My journey into Cloud Networking

Disclaimer: opinions expressed in this blog are my own!

I vividly remember the days of a very not far past when I was dealing with EVPN, Type-5 Routes, VXLAN encapsulation and all the things that were really en-vogue back then (I believe they still are), cherishing the numerous conversations I had about those with Ivan Pepelnjak at a Tech Field Day Extra event we attended together a few years ago.

At the time I was working for a big global Telco, where I was leading some internal efforts aimed at looking into network disaggregation. That wasn’t always easy, for a number of (very convoluted) reasons. Before then I was dealing with MPLS PEs, VRFs, Route Distinguishers and Route Targets, and all the magic of L3 and L2VPNs. To date I still believe MPLS overlays are a fantastic piece of technology that paved the way to decades of success for many network operators and enterprises globally.

In this post I will try to describe the journey that took me from that world to the world that I’m living in now.

And let me start by saying that those two worlds, in fact, are the same world. There’s no old world and new world in networking. There’s just one. Some pretend that their ‘old world’ made of CLIs and templates stored in an Excel VB macro hasn’t changed and never will, it’s pretty much like denying that global warming is a scientific and observable natural phenomenon.

Cloud Networking is just networking: IP packets, Ethernet Frames, DNS, DHCP and NAT haven’t gone anywhere and – in fact – I think they’re more relevant than ever. The cloud-related networking services that – for instance – we provide at AWS are meant to abstract the complex bits that happen behind the scenes to allow customers to scale their network designs in a flexibile, secure and efficient way.

I believe that my journey started by feeling an extreme sense of discomfort. I was not comfortable with being surrounded (not everyone was like that) by people who were OK with keeping their configuration template in an Excel spreadsheet or doing a lot of CTRL+F/CTRL+R (Find/Replace) for a living. Change – if done this way – is stressful, risky, and no wonder why nobody wants to do it.

Discomfort results (hopefully) into curiosity and drive to find better ways of doing things. And this is the tiring part, especially if you’re on your own. The path is full of perils and steep climbs, ranging from the desire to jump on everything that looks ‘cool’ that you come across, the need to learn something very difficult that you’ve never deal with before, to the requirement to often pivot and admit defeat.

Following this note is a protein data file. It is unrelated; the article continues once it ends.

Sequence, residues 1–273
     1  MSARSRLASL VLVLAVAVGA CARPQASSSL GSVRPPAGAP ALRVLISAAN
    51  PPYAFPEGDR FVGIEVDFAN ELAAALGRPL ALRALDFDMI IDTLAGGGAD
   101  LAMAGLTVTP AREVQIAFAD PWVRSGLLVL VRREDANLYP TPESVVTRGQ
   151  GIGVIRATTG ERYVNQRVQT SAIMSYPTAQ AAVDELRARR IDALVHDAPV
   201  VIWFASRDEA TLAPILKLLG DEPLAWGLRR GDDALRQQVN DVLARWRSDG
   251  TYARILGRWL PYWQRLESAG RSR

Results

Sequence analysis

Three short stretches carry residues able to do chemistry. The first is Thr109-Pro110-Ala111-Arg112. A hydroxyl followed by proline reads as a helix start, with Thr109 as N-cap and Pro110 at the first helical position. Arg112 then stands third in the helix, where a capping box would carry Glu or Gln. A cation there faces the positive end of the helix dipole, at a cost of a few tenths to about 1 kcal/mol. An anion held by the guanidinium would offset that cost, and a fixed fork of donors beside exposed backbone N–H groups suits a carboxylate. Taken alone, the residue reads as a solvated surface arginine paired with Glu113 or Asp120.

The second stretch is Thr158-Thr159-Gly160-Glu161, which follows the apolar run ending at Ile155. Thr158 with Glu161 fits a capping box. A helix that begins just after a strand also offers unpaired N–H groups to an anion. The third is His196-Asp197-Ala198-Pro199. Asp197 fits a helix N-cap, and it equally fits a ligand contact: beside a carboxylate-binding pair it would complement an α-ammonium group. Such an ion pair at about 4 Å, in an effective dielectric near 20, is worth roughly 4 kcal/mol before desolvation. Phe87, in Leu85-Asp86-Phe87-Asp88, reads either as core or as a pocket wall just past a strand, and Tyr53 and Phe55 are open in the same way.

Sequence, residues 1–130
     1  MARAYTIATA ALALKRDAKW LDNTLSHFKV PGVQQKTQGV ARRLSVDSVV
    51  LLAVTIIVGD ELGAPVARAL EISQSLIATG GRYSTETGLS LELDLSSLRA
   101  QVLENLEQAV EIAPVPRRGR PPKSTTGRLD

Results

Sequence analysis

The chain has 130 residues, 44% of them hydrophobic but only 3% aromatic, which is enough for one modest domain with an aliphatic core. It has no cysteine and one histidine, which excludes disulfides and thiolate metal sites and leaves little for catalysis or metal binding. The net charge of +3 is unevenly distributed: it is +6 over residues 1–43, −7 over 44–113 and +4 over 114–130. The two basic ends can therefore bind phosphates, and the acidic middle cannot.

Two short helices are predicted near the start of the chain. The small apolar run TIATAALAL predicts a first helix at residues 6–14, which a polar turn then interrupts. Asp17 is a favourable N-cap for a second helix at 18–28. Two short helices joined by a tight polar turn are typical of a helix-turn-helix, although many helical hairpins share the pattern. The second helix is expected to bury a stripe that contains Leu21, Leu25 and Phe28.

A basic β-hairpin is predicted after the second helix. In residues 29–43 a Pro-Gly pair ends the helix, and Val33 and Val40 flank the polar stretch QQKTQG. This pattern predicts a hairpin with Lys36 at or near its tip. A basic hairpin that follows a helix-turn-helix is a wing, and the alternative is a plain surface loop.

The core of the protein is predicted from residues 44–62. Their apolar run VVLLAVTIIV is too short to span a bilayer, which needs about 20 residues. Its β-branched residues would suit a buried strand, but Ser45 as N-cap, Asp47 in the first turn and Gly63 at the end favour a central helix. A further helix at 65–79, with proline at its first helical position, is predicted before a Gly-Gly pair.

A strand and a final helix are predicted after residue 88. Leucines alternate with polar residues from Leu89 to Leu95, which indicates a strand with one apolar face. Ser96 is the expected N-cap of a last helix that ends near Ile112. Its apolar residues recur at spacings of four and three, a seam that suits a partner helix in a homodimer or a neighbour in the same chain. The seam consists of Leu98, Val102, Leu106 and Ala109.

For me it all started with automation. My hours after a normal day at work were filled with Python, YAML, Graph DBs and a lot of ‘reload’ commands because I had to start all over again after I screwed up a thing or two.

I must admit that I made the mistake at the beginning of really underestimating the power of Cloud. I thought it was yet another buzzword that I needed to learn to be able to form an informed opinion about, but my time was spread very thin at the time.

As you may well know, it sometimes take a couple of weeks or so to get a firewall port opened by your security team, so I started having some time to dive a bit deeper into things.

And then it came. At first I started playing around with VPCs and Route Tables. I was fascinated about how easy it all was, especially if I compared it with other virtual networking technologies I was working with back then. You make a bunch of API calls (or throw a couple of CLI commands or few clicks in the console) and you have virtual networks, subnets, ACLs, NAT all working and perfectly functional. And that took less than 20 seconds.

From the perspective of a ‘traditional’ network engineer, I think that the most difficult part of the learning process is letting go. There are some abstractions that you just need to rely on without worrying too much about things like: how can a packet get from an AWS VPC to another AWS VPC that has a 1:1 RFC1918 address-space overlap (see: AWS PrivateLink) ?

And then, after some time I managed to get a job where everything pretty much begun (more on that soon).

To conclude, I just wanted to say to all my friends that are stuck in the ‘old world’ (remember: it’s an illusion!). Don’t be afraid to explore. IP is still very much alive, as is ARP, Ethernet, Routing, NAT, TCP and UDP, etc. You can do a packet capture and use Wireshark, to this day!
Networking is networking, after all, and – if you have really solid foundations, you can totally be successful as a ‘cloud networking engineer’ – whatever that means.

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